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    Thanks for all of the replies.
     
  12. DT7

    DT7 Member

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    You can find them in older Vox amps as well. If I'm not mistaken, the originals were polystyrene...one of the most sonically correct caps out there. Better than polyester or polypropylene.
     
  13. pdf64

    pdf64 Member

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  14. Peteyvee

    Peteyvee Premium Platinum Member

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    You can also find them in some mid-70s Marshalls...and they're not very desirable either...
     
  15. t***9

    t***9 Silver Supporting Member

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    I'm sure that the Tropical Fish in my '68 (?) Vox Italian Wah contribute to it's bigger and slightly deeper voice. I've had many Vox/Crybaby Wahs from Italy that have had the Film Can Inductors but this is the first with the Tropical Fish and it stands out from the rest in a good way. Btw it's for sale in the Pedals Emporium now.
     
  16. rousejeremy

    rousejeremy Member

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    You see them as output caps on Fuzz Faces every once in a while too.
     
  17. DT7

    DT7 Member

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    The term "tropical fish" refers to how the cap was color-coded...not the manufacturer or the dielectric. There were all types of "tropical fish" capacitors running around out there...still are. It explains why a "tropical fish" cap in one amp may be different composition to one found in another amp (or pedal). But the WIMA caps came before, not after the mustards in the Vox amps. They came in two versions...first Duralit and later Tropyfoil. The Tropyfoil were polystyrene...not polyester. So if you have Tropyfoil "tropical fish" caps, the ones most folks rave about, they are polystyrene. The Mullard caps weren't even introduced until 1964...so what do you think they were using in Vox amps (and pedals) until then (and probably for awhile after)?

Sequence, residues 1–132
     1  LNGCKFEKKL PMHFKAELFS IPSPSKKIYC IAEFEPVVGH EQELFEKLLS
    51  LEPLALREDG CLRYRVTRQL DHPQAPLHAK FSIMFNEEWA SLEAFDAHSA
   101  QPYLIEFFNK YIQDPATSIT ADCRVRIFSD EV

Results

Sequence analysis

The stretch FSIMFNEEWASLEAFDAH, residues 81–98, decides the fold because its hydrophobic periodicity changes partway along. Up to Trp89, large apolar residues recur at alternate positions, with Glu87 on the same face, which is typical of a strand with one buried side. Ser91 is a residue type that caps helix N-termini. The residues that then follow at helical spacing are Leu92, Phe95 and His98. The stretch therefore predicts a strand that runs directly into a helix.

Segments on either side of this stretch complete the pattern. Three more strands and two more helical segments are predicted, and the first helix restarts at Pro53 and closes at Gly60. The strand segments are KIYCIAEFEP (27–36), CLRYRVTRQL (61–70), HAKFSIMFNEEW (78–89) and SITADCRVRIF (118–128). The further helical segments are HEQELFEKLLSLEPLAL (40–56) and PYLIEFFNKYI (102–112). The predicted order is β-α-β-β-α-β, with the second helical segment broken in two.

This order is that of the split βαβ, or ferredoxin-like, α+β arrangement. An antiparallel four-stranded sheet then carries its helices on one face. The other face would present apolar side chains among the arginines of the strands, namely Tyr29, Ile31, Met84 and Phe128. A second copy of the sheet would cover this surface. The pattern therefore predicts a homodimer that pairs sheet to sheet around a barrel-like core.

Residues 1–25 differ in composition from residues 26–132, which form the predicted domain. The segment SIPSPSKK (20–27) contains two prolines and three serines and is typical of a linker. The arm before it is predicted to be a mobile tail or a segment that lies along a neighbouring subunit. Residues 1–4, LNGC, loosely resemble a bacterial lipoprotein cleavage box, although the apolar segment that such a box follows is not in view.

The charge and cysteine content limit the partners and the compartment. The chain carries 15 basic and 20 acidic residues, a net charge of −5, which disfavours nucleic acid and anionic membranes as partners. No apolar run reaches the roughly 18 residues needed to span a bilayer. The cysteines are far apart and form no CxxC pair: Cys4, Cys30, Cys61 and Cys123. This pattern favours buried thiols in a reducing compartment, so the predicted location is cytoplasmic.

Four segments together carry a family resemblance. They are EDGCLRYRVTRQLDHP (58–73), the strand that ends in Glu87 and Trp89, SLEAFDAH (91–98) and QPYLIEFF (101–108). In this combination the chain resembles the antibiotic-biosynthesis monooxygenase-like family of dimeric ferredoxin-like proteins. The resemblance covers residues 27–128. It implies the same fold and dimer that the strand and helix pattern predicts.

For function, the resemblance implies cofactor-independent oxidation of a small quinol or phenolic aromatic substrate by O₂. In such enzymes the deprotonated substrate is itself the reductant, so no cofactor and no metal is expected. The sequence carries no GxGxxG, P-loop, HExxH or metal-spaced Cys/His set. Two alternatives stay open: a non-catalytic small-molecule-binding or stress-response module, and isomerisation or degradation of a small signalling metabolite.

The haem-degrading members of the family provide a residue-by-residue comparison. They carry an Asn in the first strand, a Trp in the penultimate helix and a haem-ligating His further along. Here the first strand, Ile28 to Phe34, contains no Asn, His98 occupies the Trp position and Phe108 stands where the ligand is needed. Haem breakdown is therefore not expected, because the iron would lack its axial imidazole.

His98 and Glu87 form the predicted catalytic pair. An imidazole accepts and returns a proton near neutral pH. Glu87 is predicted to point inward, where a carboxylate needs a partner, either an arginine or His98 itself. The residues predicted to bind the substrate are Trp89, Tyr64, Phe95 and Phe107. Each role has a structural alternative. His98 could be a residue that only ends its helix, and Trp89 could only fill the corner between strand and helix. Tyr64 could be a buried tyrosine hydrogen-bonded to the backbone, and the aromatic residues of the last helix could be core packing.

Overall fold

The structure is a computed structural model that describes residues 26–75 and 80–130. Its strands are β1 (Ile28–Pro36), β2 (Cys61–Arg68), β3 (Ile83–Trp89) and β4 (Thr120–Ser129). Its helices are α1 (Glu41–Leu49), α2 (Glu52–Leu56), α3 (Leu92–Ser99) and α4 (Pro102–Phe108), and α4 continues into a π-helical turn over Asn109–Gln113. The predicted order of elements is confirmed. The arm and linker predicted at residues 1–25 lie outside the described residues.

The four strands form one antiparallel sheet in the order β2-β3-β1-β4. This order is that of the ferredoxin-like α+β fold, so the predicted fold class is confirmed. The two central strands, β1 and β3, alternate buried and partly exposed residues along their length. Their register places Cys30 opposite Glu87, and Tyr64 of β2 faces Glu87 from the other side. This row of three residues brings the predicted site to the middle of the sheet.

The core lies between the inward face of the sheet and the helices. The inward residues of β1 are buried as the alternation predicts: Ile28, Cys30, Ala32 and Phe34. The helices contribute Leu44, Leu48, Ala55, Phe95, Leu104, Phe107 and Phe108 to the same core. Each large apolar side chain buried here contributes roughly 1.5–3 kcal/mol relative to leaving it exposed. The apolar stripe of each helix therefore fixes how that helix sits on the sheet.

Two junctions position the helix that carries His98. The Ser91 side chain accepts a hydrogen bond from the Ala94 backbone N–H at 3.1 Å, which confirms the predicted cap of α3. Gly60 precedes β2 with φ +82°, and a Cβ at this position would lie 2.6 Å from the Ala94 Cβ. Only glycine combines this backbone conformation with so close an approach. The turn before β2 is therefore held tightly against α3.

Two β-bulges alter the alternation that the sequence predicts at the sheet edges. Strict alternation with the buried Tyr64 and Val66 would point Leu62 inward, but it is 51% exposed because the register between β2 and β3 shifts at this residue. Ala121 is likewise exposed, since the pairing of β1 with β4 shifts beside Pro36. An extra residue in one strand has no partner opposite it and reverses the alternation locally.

Last edited: Jan 13, 2013
  18. diagrammatiks

    diagrammatiks Member

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    nobody calls the wima durolit and tropyfoil caps tropical fish caps.
     
  19. pdf64

    pdf64 Member

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    The Wima caps I've seen in old Vox stuff have been gold radial cylindrical types? eg http://www.ebay.co.uk/itm/PAIR-OF-WIMA-DUROLIT-3300pF-1000v-CAPACITOR-AUDIO-/150590933830
    I guess it all depends on what is understood by the term tropical fish cap; the type I linked to seemed to accord to the prevalent type when I started in the business in the mid 80s, agree that it's likely other manufacturers used such color coding.
    Something that seems odd to me is that polystyrene is a less efficient dielectric than polyester / mylar, see http://www.rfcafe.com/references/electrical/dielectric-constants-strengths.htm
    I've not noticed polystyrene used for values much over 1nF; is anyone aware of manufacturer's info for such cap types?
    Pete
     
  20. stellablue

    stellablue Member

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    Also used in the Clark Gainster